And we have a lot of breeds that naturally don’t have guard hairs that cover the undercoat and they still survive – look at poodles and bichons for example.
We must again remember that it is not beneficial to shave the dog naked if you want to clip it short for the summer -regardless of breed. Leave a bit of hair as protection for the skin and you don’t have to worry about the dog being without protection from the elements. And it is no different if it’s a poodle or a golden retriever.
Risk of sunburn?
A common argument against clipping is ” The poor dog will get skin cancer if you clip it “
Any dog that gets scalped with a 30 blade in reverse will suffer sunburn if we don’t allow the skin to gradually get used to the sun and get a natural pigmentation to protect it.
But there are very few so-called double-coated dogs that get clipped that short …. there is, on the other hand, a lot of show poodles get done with that blade every year all over the world and no one says anything about it… And there are no indications that they have an increased ratio of skin cancer.
Solar dermatitis is not uncommon in dogs – and it’s the white-haired and non-pigmented skin of short-coated breeds such as pit bull terriers, Staffordshire bull terriers, bull terriers, boxers, Dalmatians, and similar that gets affected but any dog with white or lightly pigmented hair and skin is at risk.
(Diagnosis and treatment of solar dermatitis in dogs 2007 Kimberly S. Coyner, DVM, DACVD https://www.dvm360.com/view/diagnosis-and-treatment-solar-dermatitis-dogs )
No written papers that I read said anything about clipped double-coated breeds being of extra high risk – they all mention naturally short-haired breeds – both for skin cancer and solar dermatitis.
But if you shave a golden retriever with a 30 blade in the middle of the summer -their skin will of course be as sensitive as the non-pigmented skin on a bullterrier.
It’s important to use common sense if you clip a dog short for the summer! Leave at least 1 cm of hair to protect the skin. It won’t do a huge difference for the dog from a heat dissipation point of view if you clip it with a 7F or a 4F – so leave some protection.
A dog can get severe burns from the sun if they are exposed to strong UV sunlight and high temperatures while in a high attitude for a prolonged time – its more common in short-haired dogs with a dark coat ( as the dark colour attracts the heat from the sun ) – but you can see it dogs with lighter coats as well.
( Dorsal thermal necrosis in dogs -a retrospective analysis of 16 cases in southwestern USA 2009-2016 Stephanne L Swartz, Anthea E.Schick, Thomas P Lewis, Diana Loeffler
But this means that all breeds with short dark hair are at risk – not just a clipped collie. So every owner needs to take that into consideration if they live in a high-risk area – regardless of breed. And again – dont skin the dog….. leave a bit of hair to protect the skin.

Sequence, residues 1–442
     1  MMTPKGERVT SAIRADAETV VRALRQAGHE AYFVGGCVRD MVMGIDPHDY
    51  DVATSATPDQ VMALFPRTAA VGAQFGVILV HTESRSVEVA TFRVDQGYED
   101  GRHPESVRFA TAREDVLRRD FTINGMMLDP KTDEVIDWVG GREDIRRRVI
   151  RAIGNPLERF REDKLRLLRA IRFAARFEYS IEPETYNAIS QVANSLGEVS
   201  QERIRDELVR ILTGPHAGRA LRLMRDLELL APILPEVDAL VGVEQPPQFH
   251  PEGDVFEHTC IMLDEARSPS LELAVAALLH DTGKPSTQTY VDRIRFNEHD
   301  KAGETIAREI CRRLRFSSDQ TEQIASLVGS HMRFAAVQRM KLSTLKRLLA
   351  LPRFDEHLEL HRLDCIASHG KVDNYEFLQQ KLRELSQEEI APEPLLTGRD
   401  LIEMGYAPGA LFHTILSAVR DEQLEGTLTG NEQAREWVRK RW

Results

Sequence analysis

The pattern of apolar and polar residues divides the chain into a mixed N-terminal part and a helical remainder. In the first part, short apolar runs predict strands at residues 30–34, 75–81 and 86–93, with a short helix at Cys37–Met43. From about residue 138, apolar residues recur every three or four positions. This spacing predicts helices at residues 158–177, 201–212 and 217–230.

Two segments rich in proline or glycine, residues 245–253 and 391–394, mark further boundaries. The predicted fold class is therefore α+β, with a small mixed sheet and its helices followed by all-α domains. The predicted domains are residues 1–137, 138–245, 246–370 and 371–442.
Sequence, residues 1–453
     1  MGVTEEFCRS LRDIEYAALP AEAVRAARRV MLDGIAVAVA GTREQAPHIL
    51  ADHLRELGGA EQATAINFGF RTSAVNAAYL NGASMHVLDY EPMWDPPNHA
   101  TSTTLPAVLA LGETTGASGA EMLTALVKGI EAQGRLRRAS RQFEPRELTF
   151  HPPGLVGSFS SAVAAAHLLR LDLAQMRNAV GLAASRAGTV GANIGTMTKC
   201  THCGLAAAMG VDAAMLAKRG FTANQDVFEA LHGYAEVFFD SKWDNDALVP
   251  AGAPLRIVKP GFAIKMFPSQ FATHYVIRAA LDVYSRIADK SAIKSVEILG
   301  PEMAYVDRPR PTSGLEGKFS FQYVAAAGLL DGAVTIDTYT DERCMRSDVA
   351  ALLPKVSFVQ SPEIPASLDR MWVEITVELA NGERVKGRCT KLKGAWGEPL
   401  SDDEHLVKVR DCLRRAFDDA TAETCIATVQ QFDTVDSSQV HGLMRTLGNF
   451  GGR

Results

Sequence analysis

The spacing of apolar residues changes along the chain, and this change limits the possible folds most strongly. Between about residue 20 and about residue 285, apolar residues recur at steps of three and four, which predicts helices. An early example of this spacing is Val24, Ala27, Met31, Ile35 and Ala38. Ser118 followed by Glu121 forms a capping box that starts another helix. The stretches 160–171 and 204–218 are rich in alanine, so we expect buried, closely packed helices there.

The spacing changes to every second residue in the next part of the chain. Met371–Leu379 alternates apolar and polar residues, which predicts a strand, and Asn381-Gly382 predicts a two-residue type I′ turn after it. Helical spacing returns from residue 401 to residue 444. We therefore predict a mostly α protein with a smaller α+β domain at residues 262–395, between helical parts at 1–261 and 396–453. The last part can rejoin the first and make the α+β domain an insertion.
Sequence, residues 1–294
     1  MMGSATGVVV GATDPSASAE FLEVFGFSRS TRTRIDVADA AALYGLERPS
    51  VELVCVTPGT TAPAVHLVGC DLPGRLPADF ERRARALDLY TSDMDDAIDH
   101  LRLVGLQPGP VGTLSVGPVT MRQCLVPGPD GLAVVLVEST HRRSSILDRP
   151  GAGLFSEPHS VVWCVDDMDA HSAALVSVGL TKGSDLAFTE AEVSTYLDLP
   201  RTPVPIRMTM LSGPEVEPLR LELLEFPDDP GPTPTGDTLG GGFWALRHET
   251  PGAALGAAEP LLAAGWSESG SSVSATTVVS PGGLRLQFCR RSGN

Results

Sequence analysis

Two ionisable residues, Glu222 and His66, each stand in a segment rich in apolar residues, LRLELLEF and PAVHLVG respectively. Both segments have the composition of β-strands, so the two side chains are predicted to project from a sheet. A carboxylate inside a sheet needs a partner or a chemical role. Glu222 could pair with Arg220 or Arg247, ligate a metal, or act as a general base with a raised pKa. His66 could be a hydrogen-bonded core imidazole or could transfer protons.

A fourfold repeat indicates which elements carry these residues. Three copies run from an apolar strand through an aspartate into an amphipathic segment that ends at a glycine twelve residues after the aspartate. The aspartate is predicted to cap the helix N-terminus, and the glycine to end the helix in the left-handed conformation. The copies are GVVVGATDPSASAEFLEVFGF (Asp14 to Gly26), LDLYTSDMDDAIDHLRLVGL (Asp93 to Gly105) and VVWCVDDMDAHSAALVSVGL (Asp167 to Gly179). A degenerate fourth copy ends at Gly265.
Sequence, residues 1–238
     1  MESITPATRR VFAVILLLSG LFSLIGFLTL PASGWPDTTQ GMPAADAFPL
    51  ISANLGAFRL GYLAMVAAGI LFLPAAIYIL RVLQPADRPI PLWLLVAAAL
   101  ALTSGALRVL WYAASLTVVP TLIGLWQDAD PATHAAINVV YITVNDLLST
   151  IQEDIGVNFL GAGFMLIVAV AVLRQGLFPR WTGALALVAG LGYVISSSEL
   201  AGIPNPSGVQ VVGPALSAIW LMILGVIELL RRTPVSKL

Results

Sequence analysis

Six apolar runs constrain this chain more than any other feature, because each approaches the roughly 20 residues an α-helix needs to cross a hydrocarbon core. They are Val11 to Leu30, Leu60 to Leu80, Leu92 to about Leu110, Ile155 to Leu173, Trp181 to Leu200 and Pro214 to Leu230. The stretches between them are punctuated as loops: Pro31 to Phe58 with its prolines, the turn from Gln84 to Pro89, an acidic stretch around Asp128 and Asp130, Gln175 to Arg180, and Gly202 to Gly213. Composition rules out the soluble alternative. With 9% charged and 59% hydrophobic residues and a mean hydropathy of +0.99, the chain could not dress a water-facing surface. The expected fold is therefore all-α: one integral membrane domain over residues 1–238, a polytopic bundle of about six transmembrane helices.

Have a look at the pictures below –
Here are 5 dogs done with the same blade – a 7F
According to the No side –one of them will suffer – the rest will be ok –“ as they have a different coat and thermoregulation. “……..
Can you spot the one that will suffer?
Probably not – as all of them will be wet when it rains and all of them will have an increased risk of getting cuts when running thru bramble –and a couple of them will have an increased risk of changes in the coat texture due to the clipping.
But they ALL regulate their body temperature in the same way – there is not a different thermoregulation system for double-coated breeds.
But what about the destroyed coats if you clip a double-coated breed?
This is where the problem arises when we talk about clipping dogs short for the summer.
Some breeds can get changes in their coat if we clip them and that can be an issue later on as it can take a long time before it grows back to the normal look. It can be as long as several years before its back to normal in the breeds with a “nordic type” of coat ( huskies, Samoyeds and similar )
We must therefore weigh the pros and cons before deciding if we should clip them.
And by clipping, I don’t mean scalp the dog with a 30 blade, clipping just means making it shorter
Why can the coat change?
( more info can be found in the book Muller and Kirks Small Animal Dermatology )
“The coat is there to protect the skin from damage from the environment and to help the dog to keep its core temperature regardless of the environmental temperature “
The term COAT describes the mass of hair that covers the dog – and the term HAIR is the individual hairs that form the coat.
There are primarily two types of hairs that make up the coat – guard hairs and wool/undercoat. (some dogs have 2 different types of undercoats) Dogs also have tactile hairs – what we usually call whiskers
The guard hairs can be of different textures depending on the breed of the dog. And the dog can have different types of guard hairs on different body parts – as collies for example that have short guard hairs on their face and the part of the legs and then long guard hairs on the body. The wool is shorter and softer in texture and mostly looks the same all over the body.
Every breed is in fact double-coated – all dogs have a shorter woolly undercoat to keep them warm and stronger longer guard hairs that are aimed to protect the undercoat from being wet and dirty. But thru selective breeding, we have changed the coat in some breeds, and it can nowadays be hard to see the difference between the wool and the guard hairs – as in poodles for example. We have also aimed for less undercoat in some breeds, and they can for the naked eye appear as single-coated – Yorkies is one of them.